A Suit That Fits Blog
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Tag >> Bristol bespoke tailor
Whilst Bristol's Local Tailor had vowed not to dress his daughter in bespoke or branded finery - or write anything about parenthood for that matter - there has been an ever-increasing dent in my collection of pocket squares that cannot be ignored any longer.
Grace Blake, pictured, started teething rather early in life - she's only 4 months old now - and, as any new parent will know, teething involves an inordinate amount of dribbling.
This dribbling, which often resembles foaming at the mouth, can leave a fresh baby-grow sodden by breakfast time! So, in an effort to keep our daughter dry, and afford her a modicum of comfort and, dare I say it style, we tied one of A Suit That Fits pocket squares around the butter-soft rolls of Grace's neck to stem the flow. These particular pocket squares are cut from 100% Egyptian shirting cloth and are provided with the compliments of A Suit That Fits when purchasing a shirt.
The 'Dribble Square', as it is now affectionately known, has become a permanent fixture in Grace Blake's already burgeoning wardrobe. Whilst Grace's parents may not have spoiled her sartorially, her Aunty Tara has bestowed upon her a wardrobe of cute clothes that Grace's cousin, Inca - born 6 months before Grace - has now grown out of and so Grace has inherited hand-me-downs to last an 'infinancy' and been afforded not only style but a dressing regime to give her father a run for his money!
With so many colourways and patterns in A Suit That Fits range of shirting cloths, there is a Dribble Square for every occasion. Whether lounging at home, taking a stroll in the park or watching Idles - Grace's favourite band - there is a Dribble Square to suit, ahem.
I'm sure Dribble Squares will be a Bristol fashion accessory of choice before long, so place your orders early to avoid disappointment. And remember, whilst I am considering registering Dribble Squares as a Trademark, they are only available at this time from A Suit That Fits and come with a shirt. They can also be order separately in cotton, silk or satin.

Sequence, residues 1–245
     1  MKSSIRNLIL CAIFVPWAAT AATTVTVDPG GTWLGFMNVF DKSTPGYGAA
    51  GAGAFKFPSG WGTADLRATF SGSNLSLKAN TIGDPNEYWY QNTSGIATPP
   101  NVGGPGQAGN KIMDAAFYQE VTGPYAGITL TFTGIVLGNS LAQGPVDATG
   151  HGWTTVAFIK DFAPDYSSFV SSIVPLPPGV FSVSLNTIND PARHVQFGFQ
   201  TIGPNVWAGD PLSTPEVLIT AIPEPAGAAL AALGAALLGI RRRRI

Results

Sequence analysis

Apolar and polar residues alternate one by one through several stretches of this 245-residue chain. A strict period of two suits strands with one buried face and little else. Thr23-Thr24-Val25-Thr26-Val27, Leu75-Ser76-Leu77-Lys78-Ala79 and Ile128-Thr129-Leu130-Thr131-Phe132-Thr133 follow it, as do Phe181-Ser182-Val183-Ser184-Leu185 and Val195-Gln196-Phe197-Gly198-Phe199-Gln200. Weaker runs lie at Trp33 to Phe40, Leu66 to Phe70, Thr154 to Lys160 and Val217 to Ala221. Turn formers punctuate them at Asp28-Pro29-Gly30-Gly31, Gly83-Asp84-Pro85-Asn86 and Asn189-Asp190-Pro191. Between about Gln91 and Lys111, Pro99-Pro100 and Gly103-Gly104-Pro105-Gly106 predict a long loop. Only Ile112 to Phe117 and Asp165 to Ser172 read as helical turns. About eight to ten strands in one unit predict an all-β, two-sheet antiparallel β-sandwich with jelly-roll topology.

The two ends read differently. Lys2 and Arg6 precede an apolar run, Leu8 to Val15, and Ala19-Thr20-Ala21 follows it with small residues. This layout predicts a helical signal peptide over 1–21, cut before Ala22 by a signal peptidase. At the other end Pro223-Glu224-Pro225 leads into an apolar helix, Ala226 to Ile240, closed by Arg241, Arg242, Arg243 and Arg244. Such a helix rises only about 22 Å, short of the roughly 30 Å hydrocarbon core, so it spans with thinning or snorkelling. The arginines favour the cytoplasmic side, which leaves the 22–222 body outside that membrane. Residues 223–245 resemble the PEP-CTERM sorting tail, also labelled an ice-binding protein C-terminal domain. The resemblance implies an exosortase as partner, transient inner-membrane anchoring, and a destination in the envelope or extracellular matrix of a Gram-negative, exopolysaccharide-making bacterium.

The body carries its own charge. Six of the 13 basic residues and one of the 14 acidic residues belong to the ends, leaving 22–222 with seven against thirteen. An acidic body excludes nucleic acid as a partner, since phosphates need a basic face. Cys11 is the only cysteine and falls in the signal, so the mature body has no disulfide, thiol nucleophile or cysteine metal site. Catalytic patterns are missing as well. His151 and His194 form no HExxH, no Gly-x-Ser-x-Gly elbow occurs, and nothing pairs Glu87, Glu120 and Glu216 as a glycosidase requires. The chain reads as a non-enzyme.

Back in December when I was still working in my lovely home town of Bristol Ryan and Jen came to me for a wedding suit. They wanted to get married in the spring and wanted something special. A lovely couple, Jen came along to help pick the cloth but didn't come to subsequent fittings to keep the overall look of the suit a surprise.
Ryan's overall inspiration was Americana with a rockabilly feel. He told me about a pair of shoes he wanted to get (two tone ones) and we looked at the music video Social Distortion: Machine gun blues for inspiration (What fun!) After much dissussion Ryan decided to go for a black herringbone , HB-6 with a Burgundy red lining.
The herringbone cloth and peaked lapels kept the suit vintage, circa 1950 with the slanted pockets, single vent and tapered trousers giving it that modern twist. When Ryan came to the studio to try on his two piece suit both me and David loved the whole thing! The shoes, the tie, shirt and suit went so well together, we immediately asked Ryan and Jen if they minded us having a look at there wedding photos. The lovely couple did not disappoint and have recently been the subject of an online article at Rock and Roll Bride.
Jen and Ryan had there photo's taken by Gemma Bell from Venus Blue Imaging and were kind enough to let me put them up on our blog. Ryan's suit perfectly complimented Jennifer's dress, a custom made vintage inspired number. The whole day looks absolutely lovely.
1. Suits YouSimply put, does the colour of your suit suit you?Salt 'n' Pepper hair colour = greysRed head = autumnals; browns
2. Fits YouOff-the-peg' or fits where it touches is not an excuse to wear a poorly-fitting irrespective of the jib or cut of your i.e. how much room there is between you and the garment.
Point-to-point elements of the garment should be adjusted to fit if needs be; sleeve/trouser length. 3. Shirt Sleeves need only reach the top of your hands - they are not mittens and need not provide any protection for the hand. Jacket sleeves ought to be cut 1/2 shorter than the shirt sleeves' length if you like to shoot a little cuff.Shirt collars should fit with space enough for one's index finger to be inserted between collar and neck. Any larger and the collar will kink and buckle when the tie is tightened.